Photo by Ron Nabity Photography
Originally published on SacramentoPress.com on Nov. 6, 2012
Fans of the Sacramento Kings remained loyal to their team and sold out the “blackout” home opener victory Monday night despite the growing uncertainty that has surrounded the franchise in recent years.
The energetic home crowd helped the Kings defeat the Golden State Warriors 94-92 in the final seconds for their first victory of the season after going 0-3 on their season-opening road trip.
Optimism still remains amongst the team and its fans even after their rough beginning to the season.
“I would like to see them make the playoffs, it would be a long shot but I would like to see them be close to .500, I’d be happy with that,” said Rob Horton, a Kings fan of 25 years. “That would at least be a progression in the right direction, you can’t build a team overnight. They’ve got some studs on this team. DeMarcus Cousins is a superstar in the making.”
Since the arena deal between the Kings and the city of Sacramento fell through this summer, there has been much speculation about where the team will be located next. Among the possibilities that have been raised: moving to Anaheim next season, heading to Virginia Beach, and filling the void in Seattle left when the Seattle SuperSonics left for Oklahoma City to become the Thunder.
Many fans have grown frustrated with Kings ownership due to the lack of certainty over whether the team will remain in Sacramento, but so far, they have kept their frustration aimed at ownership.
“[We’re] not frustrated towards the team itself, but towards the owners, yeah,” said Vicki Burrell, whose family has been attending Kings games for the last 12 years from Applegate. “I guess we’re just not as confident or as sure that they really want to be here as much as we want them to be here.”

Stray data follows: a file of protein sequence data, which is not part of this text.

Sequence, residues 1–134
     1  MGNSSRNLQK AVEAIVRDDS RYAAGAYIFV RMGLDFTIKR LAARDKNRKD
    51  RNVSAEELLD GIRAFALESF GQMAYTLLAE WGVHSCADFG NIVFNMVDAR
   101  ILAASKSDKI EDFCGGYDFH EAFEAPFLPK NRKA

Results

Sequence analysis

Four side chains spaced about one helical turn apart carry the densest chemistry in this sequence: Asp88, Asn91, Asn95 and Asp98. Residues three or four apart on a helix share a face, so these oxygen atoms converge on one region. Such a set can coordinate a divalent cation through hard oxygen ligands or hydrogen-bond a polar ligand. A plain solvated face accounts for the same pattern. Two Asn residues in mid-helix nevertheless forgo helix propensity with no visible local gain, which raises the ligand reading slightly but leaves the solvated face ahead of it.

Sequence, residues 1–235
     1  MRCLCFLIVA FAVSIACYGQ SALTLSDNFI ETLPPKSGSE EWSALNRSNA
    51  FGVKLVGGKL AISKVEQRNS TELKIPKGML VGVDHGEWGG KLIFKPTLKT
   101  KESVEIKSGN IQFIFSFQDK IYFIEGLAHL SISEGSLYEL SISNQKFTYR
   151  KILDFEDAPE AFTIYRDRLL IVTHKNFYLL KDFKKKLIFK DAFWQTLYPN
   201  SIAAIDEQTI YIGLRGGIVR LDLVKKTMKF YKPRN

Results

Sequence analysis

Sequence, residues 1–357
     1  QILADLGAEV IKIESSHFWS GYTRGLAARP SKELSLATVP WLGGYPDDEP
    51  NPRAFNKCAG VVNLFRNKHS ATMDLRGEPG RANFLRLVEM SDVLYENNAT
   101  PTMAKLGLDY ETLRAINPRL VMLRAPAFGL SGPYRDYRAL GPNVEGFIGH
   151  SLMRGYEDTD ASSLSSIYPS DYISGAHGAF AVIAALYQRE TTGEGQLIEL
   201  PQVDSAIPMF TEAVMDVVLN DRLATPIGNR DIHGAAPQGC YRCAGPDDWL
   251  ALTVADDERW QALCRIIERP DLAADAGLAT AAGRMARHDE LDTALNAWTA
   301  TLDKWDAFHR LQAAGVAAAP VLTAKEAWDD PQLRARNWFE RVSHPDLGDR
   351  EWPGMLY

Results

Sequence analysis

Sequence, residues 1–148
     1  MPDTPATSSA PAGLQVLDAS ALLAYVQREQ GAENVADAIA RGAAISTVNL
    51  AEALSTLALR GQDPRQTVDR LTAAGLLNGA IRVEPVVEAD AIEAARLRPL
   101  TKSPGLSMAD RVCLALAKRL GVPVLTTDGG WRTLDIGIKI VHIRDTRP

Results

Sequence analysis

Even though the Maloofs have not announced anything concerning their intentions officially, many fans believe that this will be the team’s final season as the Sacramento Kings.
“Knowing that this is going to be the last year here, I’m not a fool, I’m not an idiot,” Horton said. “This arena is so old. I know they’re going to leave, this arena is too old. They had a downtown arena where they didn’t have to pay jack and they said it was a bad deal, that’s because they didn’t have any money.”
Kings fans made it evident that even if the Maloofs’ decisions have influenced their feelings towards the team, they will not give up on their team as they packed Sleep Train Arena with 17,317 fans.
“It does change my feelings but I’ve been a die-hard Kings fan since ’85 so I’m going to stick with them until the end,” said Jaime Juarez, a 36-year-old fan from Sacramento.
Fans attending the game were energetic as they showed up in forces to support their team. The Kings organization put on a special introduction in honor of the blackout during which the lights were turned off and fans stood on their feet, waving around glow-in-the-dark thunder sticks, and cheering as the team was introduced.
Throughout the game, fans filled the Sleep Train Arena with noise reminiscent of the “Arco Thunder” that was prevalent in the early 2000’s, when the arena was named Arco Arena.
Whether it was a made basket, a blown call from the refs, a big dunk, or a turnover from the Warriors, fans made their thoughts known with their voices. They even got a chance to let their wants known when, for the fourth time, a tarp fell from the scoreboard onto the court, stopping play. Fans began chanting “New Arena” as the ref dragged the tarp off the court.
The Warriors orchestrated a late-game comeback that got the Golden State fans into the game, but their efforts were quickly drowned out by the emphatic Kings fans who countered with a “Sac-ra-men-to” chant.
Though fans say they will continue to support the team while they remain in Sacramento, many are hesitant to support the same Kings team should they relocate to another city.
“I don’t like what the ownership has done but I do want to support the team,” said Dennis Johnson, a fan since 1986 and season ticket holder for 22 years. “When the Monarchs relocated, I didn’t follow them anymore and they all split up, so I doubt that I would follow them that much.”
While it remains to be seen how long it will last, the Kings players appreciate the continued support with the uncertainty that has gone on.
“To be honest with you, 0-3, I was surprised to see everybody there,” said backup Kings point guard Aaron Brooks. “We’ve been going through a lot the last couple years, and to see everybody still sticking with us even though we were 0-3 coming back home, it was cool.”
Photography by Ron Nabity Photography